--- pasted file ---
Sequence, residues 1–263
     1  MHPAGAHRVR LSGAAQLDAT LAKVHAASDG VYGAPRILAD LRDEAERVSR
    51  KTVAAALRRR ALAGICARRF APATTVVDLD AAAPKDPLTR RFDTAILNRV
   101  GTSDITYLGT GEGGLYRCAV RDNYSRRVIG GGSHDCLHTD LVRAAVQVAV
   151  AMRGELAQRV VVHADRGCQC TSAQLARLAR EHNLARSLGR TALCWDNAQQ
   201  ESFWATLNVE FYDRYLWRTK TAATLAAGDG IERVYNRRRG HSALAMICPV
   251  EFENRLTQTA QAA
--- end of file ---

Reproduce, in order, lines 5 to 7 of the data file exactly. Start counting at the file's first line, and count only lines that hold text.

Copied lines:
   151  AMRGELAQRV VVHADRGCQC TSAQLARLAR EHNLARSLGR TALCWDNAQQ
   201  ESFWATLNVE FYDRYLWRTK TAATLAAGDG IERVYNRRRG HSALAMICPV
   251  EFENRLTQTA QAA